These results were more promising, but alas, it didn't seem that either blue or red ("cobalt" or "fuchsia red" single-pigment) dyes were going to singlehandedly yield the results I wanted. 

We've already covered the inherent problems of exclusively using blue dye, but the problems with exclusively using red were that while it had the intended effect of nudging the teal away from green and toward dark blue, it wouldn't sufficiently darken the fabric before turning it purple, and it also left the pinstripes seemingly unaffected. 

Nevertheless, I felt as if I were on the right track with the magenta, but something was obviously missing. 

After mulling it over, it hit me: Magnoli's current fabric needed to be dyed orange

Orange, after all, is a combination of red and yellow; the red would have the aforementioned effect on the blue, but the yellow would theoretically shift those atom-red pinstripes in the orange ("rust") direction! 

Of course, the trick would be finding the right balance; too little yellow, and nothing would really happen to the stripes, but too much yellow, and it would push the blue fabric right back in the green direction.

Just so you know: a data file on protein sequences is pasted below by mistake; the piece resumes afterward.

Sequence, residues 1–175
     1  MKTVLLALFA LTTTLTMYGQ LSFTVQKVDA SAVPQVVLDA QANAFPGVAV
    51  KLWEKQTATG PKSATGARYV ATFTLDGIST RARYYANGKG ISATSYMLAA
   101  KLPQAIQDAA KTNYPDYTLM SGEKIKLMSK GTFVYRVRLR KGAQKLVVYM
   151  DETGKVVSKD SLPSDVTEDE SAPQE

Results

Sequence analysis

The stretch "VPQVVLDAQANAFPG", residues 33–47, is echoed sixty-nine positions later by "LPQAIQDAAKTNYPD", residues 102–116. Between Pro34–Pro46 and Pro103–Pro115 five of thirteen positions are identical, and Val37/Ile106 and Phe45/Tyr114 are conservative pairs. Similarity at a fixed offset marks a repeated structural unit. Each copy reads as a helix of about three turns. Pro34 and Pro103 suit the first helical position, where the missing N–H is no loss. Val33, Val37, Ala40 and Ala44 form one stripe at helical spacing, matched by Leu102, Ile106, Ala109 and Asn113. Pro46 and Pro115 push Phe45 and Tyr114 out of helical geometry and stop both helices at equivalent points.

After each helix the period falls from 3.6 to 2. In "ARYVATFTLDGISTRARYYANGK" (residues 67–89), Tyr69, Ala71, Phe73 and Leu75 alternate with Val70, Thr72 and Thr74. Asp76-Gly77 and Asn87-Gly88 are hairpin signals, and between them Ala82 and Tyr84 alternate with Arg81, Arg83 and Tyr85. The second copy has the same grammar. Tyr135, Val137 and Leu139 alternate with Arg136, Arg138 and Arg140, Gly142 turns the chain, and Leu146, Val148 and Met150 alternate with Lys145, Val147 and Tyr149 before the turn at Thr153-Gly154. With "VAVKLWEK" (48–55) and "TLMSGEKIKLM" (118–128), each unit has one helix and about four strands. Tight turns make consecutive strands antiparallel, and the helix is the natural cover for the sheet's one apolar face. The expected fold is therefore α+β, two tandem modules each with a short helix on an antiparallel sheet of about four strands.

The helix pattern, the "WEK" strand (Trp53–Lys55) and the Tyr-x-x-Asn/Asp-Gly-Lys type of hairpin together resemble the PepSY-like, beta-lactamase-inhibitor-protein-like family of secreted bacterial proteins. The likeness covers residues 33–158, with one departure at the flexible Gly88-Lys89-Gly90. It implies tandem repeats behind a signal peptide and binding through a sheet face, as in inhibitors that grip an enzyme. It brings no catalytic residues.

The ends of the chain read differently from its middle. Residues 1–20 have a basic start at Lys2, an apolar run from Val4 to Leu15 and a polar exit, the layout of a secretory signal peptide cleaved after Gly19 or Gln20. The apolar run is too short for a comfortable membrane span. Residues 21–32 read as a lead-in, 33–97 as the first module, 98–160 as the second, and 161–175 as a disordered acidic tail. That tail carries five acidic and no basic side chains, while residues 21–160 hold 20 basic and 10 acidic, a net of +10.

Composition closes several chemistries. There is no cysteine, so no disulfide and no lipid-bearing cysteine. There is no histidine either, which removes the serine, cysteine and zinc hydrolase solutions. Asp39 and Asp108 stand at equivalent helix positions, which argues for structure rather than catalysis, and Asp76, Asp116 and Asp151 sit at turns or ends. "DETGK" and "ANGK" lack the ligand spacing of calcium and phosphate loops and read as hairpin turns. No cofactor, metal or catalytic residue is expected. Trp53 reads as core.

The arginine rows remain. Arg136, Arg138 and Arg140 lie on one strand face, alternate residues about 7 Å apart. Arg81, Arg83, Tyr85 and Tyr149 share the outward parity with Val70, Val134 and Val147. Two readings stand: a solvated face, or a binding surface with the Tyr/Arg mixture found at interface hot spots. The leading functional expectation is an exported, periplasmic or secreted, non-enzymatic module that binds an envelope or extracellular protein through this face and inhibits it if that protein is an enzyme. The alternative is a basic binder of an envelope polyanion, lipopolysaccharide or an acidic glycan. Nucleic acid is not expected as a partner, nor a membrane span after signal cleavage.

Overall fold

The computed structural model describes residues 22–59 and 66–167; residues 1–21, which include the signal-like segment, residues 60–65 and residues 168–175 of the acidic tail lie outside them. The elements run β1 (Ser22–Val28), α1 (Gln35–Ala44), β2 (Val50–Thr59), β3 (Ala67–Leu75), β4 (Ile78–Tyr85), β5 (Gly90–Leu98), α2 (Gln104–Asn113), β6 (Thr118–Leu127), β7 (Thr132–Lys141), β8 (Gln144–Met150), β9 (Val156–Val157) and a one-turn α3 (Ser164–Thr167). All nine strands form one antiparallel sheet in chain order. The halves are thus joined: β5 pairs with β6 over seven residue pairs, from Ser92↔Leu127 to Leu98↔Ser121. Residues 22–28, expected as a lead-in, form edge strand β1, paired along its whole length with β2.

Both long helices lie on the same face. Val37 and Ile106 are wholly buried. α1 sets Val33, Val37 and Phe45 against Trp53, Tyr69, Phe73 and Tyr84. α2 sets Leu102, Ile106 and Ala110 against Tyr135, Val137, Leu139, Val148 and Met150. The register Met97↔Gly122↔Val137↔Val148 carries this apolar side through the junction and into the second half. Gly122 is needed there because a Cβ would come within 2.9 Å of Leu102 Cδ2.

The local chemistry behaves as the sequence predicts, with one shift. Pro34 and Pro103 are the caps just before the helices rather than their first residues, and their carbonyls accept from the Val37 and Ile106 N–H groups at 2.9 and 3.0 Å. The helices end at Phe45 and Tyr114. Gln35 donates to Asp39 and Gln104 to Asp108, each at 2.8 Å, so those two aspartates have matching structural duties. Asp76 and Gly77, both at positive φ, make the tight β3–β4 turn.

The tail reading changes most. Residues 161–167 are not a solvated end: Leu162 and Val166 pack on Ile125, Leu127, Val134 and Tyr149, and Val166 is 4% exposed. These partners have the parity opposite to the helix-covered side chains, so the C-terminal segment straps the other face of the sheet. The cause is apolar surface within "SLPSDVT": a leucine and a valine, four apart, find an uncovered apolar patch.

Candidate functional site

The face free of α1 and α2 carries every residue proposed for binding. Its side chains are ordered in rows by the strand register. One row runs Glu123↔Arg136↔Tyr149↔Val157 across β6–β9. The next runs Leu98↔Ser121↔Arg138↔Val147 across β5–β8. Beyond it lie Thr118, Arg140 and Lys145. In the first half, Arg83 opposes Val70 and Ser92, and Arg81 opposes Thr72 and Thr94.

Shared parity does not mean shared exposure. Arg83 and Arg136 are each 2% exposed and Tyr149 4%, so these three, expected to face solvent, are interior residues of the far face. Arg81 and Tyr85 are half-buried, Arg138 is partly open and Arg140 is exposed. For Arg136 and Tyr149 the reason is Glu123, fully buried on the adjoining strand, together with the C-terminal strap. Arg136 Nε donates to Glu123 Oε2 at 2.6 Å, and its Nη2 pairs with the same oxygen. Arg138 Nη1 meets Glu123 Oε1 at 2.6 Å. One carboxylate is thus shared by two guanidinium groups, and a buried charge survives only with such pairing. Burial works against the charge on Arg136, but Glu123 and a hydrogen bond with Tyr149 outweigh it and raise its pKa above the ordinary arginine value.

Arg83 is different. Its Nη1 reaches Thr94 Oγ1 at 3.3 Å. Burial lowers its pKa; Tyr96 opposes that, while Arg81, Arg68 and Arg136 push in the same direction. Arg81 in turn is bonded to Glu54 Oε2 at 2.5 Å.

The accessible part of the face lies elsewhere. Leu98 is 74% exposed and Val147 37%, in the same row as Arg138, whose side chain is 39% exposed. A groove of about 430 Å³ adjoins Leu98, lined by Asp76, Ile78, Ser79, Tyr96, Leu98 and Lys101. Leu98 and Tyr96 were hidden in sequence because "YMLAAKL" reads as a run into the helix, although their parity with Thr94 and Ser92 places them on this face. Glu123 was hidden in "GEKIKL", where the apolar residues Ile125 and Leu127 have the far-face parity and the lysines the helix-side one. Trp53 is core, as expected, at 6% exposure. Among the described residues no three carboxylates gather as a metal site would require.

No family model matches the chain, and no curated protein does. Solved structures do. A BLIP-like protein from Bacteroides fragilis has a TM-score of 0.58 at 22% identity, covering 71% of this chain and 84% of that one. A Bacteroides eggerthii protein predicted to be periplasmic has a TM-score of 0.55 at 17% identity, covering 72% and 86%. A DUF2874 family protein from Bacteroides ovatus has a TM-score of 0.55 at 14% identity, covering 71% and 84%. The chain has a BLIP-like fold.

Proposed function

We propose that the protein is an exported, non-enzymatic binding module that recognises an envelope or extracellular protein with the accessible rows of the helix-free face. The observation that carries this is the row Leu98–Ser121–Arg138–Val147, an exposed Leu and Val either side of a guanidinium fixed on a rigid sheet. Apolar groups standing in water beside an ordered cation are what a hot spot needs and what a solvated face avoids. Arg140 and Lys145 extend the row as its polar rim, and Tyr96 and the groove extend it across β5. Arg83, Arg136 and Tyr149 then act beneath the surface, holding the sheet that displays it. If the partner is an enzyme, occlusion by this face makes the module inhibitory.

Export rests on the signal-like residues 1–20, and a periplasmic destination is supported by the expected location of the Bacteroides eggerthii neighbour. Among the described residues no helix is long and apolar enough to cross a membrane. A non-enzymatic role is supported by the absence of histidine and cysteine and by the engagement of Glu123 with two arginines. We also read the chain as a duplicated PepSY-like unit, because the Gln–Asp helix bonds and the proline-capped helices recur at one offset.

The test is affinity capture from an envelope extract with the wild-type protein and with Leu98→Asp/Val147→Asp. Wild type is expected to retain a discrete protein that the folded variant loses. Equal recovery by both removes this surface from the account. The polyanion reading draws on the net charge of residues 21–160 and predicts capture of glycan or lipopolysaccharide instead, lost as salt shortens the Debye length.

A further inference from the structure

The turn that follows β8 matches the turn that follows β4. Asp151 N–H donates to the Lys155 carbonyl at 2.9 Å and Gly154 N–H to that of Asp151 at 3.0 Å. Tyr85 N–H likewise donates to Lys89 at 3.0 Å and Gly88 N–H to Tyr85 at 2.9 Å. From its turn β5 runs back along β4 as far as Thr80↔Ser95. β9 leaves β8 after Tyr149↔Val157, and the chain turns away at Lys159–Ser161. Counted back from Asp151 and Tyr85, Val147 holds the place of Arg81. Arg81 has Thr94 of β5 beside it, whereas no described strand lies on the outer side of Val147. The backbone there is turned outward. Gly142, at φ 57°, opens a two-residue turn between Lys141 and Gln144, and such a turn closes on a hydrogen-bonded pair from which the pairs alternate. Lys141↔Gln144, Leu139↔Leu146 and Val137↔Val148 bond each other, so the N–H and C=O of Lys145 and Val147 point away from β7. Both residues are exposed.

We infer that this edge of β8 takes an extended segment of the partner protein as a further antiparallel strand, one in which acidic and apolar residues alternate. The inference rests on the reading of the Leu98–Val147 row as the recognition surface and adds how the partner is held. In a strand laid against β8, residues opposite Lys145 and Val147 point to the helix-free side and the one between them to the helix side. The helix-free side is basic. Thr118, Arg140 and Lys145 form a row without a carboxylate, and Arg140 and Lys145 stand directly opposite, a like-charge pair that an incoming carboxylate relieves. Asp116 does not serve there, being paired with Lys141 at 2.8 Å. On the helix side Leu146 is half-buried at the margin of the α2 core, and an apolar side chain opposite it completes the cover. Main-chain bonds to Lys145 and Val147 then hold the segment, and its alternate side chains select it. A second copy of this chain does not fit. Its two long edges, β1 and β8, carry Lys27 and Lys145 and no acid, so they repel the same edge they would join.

I used Dharma's "lemon yellow" (another primary/single-pigment dye) in combination with the aforementioned "fuchsia red" to test this theory.

Dye experiments w/ Magnoli blue fabric
Dye experiments w/ Magnoli blue fabric

I was getting closer with each test, but no combination of red/yellow seemed to yield a satisfactory result. 

I'd tried two different primary/single-pigment dyes individually, I'd tried custom-mixing two primary/single-pigment dyes, and I simply resigned myself to the fact that to accomplish my goal, I was going to have to determine a custom-mix of three primary dye colors. 

Testing a three-way color balance and various depths of shade can not only be infuriatingly slow going, but it also quickly eats up one's fabric supply; dye formulas are determined by weight and I typically test 5g swatches, which are rather large with a lightweight cotton fabric like this. At $60/yard, I wanted to reach a solution as quickly as possible!